Exploring the Natural Marvels of Mangystau

Mangystau is an extraordinary land, blessed with boundless steppes, rocky plateaus, canyons, and serving as the homeland of diverse wildlife. It defies comparison with any other place in the world when describing its unique locations. The charm of Mangystau lies in its awe-inspiring landscapes, reminiscent of an ever-changing canvas that enthralls, fascinates, and captivates all who behold it. Whether you seek adventure, appreciate nature’s wonders, or have a passion for history and culture, this region offers unparalleled experiences. From the grandeur of its natural wonders to the richness of its cultural heritage, this land beckons travelers to immerse themselves in its splendor.

Our mission is to introduce the world to this treasure trove of a country, with its distinctive character and abundance of natural beauty. Through our articles, we aspire to share the captivating landscapes and allure of Mangystau, starting with our first piece on Tuzbair.

Photo by Farhat Kabdykairov

Would you like to walk on the surface of the lake? When answering this question, it is clear that any person will be bewildered. But if you know about Tuzbair or read more, you will realize the meaning of our question.

According to scientists, today’s Mangystau region was once the bottom of the Tethys Ocean, situated between the supercontinents of Laurasia and Gondwana, approximately 250 million years ago. This assertion is supported by the discovery of shark skeletons and teeth that are occasionally found in this valley. Over time, as the water receded, the combination of wind and rain shaped the landscape, creating beautifully sculpted chalk rocks, cliffs, and depressions. It is believed that Sor Tuzbaiyr, along with plateaus, gorges, and ravines, was formed through the erosion of softer rocks.

According to the information given by K. Tigenov, who was the guide of the expedition of Colonel F. Berg to Central Asia in 1825, the Amu Darya channel came along the ancient Uzbai river channel, bordered the Southern Plateau, and poured into the Caspian through Tuzbair.

Photo by Farhat Kabdykairov

Although marine life is absent from Tuzbair today, representatives of flora and fauna typical of the desert region can be found. Endemic types of plants grow there: anabasis salsa, Salsola Richteri Karel, Astragalus ustiurtensis, as well as rare plants: black saxaul, Zygophyllum turcomanicum. Among the animals, the steppe eagle, golden eagle, falcon, black-bellied sandgrouse, Pallas’s cat, owl, saiga, goitered gazelle, and black Brandt’s hedgehog live there.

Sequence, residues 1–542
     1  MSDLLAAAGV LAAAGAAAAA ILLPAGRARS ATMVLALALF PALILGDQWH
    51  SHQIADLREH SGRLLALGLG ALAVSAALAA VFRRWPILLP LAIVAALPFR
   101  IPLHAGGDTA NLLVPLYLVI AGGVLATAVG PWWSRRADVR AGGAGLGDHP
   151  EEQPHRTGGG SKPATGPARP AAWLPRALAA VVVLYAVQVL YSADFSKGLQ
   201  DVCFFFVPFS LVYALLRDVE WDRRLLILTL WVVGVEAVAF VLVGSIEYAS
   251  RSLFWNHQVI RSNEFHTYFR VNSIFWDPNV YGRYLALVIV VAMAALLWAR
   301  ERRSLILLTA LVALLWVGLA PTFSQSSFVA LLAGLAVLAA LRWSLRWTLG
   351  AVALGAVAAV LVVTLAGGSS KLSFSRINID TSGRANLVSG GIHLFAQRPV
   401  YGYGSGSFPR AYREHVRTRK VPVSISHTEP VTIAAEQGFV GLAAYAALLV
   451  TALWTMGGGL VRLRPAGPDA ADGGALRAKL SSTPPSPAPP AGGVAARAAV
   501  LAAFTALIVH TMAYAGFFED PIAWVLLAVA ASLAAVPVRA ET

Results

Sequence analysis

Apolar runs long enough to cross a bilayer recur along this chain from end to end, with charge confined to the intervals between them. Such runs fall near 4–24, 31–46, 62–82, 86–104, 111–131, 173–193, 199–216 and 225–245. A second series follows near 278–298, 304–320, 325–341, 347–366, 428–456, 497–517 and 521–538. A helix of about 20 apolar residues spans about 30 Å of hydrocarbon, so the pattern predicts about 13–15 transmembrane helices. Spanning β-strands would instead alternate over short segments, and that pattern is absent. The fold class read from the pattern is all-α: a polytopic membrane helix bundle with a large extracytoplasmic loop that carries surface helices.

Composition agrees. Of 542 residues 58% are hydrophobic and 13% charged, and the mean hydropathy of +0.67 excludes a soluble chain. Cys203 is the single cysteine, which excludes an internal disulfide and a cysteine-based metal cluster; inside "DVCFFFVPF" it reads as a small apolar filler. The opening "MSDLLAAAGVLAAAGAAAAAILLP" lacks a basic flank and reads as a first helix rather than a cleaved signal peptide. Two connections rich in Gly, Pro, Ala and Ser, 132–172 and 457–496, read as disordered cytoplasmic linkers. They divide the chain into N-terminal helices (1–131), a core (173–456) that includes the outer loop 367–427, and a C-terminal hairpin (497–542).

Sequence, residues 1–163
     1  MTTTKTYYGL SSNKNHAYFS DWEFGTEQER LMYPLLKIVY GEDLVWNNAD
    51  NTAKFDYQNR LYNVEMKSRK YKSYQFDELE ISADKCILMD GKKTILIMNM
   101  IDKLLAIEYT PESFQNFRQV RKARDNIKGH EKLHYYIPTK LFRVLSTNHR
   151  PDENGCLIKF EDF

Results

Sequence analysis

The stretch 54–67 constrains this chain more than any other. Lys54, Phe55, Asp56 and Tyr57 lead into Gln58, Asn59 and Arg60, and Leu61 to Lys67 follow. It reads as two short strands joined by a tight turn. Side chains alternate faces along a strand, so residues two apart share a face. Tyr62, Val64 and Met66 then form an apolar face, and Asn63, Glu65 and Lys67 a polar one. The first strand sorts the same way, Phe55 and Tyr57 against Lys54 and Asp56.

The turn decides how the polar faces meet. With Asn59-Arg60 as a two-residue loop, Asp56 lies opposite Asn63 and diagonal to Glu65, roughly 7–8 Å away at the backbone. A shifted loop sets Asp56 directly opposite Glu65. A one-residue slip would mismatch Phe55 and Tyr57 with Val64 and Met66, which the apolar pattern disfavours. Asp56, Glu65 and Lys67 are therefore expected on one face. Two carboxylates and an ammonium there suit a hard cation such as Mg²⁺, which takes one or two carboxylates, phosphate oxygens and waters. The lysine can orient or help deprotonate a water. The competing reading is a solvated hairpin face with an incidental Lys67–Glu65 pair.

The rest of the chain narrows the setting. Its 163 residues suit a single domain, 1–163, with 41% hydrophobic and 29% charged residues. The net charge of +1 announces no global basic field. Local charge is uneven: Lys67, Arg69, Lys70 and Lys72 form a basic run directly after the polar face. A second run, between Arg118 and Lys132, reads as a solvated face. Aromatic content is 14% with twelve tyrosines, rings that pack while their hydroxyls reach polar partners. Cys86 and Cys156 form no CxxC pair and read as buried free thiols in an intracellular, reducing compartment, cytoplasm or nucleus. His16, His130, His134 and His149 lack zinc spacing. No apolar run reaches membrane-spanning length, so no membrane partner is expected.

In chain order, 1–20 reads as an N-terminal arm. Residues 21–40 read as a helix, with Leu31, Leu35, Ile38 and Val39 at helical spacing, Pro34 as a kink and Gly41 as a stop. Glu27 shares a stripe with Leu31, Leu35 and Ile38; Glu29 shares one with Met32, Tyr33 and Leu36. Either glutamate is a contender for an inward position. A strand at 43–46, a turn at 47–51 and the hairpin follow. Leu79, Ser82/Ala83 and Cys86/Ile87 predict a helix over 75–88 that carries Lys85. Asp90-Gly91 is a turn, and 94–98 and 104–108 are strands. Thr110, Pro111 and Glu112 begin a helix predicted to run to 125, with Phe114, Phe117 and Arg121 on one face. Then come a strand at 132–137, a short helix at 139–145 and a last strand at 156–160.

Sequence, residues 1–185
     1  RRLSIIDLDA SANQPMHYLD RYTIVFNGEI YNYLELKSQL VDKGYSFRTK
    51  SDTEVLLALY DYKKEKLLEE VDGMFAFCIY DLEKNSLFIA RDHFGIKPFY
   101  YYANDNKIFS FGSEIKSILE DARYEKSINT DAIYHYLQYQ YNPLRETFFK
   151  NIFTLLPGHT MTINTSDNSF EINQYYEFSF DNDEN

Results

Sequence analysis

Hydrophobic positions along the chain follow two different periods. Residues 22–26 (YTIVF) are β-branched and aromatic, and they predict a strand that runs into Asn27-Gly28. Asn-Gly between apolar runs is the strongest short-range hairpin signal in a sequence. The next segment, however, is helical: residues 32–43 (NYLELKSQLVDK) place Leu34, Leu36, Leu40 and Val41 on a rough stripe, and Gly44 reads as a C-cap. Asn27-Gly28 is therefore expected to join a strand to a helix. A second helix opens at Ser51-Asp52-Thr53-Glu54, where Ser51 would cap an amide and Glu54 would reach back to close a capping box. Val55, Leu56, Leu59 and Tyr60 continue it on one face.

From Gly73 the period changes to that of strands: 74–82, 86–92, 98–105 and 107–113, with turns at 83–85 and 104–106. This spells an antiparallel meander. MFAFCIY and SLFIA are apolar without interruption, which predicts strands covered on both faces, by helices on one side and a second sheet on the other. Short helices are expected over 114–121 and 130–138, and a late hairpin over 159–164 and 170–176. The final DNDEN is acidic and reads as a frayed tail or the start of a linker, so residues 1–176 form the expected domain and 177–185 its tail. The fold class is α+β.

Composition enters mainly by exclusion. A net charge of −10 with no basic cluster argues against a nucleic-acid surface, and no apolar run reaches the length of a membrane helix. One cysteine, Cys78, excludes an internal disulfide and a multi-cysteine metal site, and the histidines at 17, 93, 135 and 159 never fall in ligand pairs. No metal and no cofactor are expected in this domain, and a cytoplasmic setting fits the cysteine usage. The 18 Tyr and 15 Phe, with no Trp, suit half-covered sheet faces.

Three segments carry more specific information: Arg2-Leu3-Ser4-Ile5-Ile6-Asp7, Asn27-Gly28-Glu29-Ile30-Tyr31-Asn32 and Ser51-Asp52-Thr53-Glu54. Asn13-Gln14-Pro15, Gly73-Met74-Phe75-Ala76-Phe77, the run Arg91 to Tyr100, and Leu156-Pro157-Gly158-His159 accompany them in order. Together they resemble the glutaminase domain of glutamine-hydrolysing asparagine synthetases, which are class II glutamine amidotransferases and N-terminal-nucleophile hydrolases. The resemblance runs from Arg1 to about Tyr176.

The Sor Tuzbair is located 250 kilometers from Aktau. Most of the route goes along the highway. If you don’t plan to go down to the Sor, but you just want to enjoy the scenic views of Tuzbair from above, you can choose any crossover as a vehicle. At the 243rd kilometer, you need to get off the Aktau-Beineu highway and reach the western ridge of Ustirt on the far side of the cliff on a leveled dirt road. If you stand on the rocks and gaze into the distance, a mesmerizing symphony of three colors harmoniously unfolds before your eyes, a masterpiece crafted by nature itself. The white clouds gracefully mingle with the expanse of the white salt marsh, while the blue sky and hazel-colored soil complete this enchanting palette. Cracks, rocks, and ravines surround you, forming a rugged tapestry. Here, life itself seems suspended, save for the ethereal dance of clouds upon the lake’s surface and the caress of the dry wind. The true artist of this place is the wind, a sculptor who weaves intricate patterns upon the pristine white rocks, creating a spectacle beyond compare.

Photo by Farhat Kabdykairov

The view of the salt lake, positioned 10 kilometers south of the historic Manata hill, undergoes remarkable transformations with the changing seasons and the passage of time. In daylight, the salt flat dazzles, reflecting the sun’s brilliance, while at dusk, it becomes a canvas bathed in the warm hues of the setting sun, casting the surroundings in captivating shades of red. On rainy days, the expansive six-kilometer field transforms into a pristine, mirror-like lake, and under the scorching heat of the sun, it reverts to a vast expanse of white salt. During summer, the lake’s surface hardens, allowing for walking, as previously mentioned. However, exercise caution, as although the surface is firm, the underlying layer can be a swamp. Therefore, it is best for the delicate nature and for you to admire this wonderful landscape of the steppe without leaving a trace.

A trip to Ustirt and Tuzbaiyr should be planned for the second half of April and May. During this period, the field is green, and the weather is cool and invigorating. In summer, the air temperature rises to +45 degrees. Autumn, when the intensity of the sun’s heat subsides, is also a good season for travel. However, field colors may not be as saturated as in spring.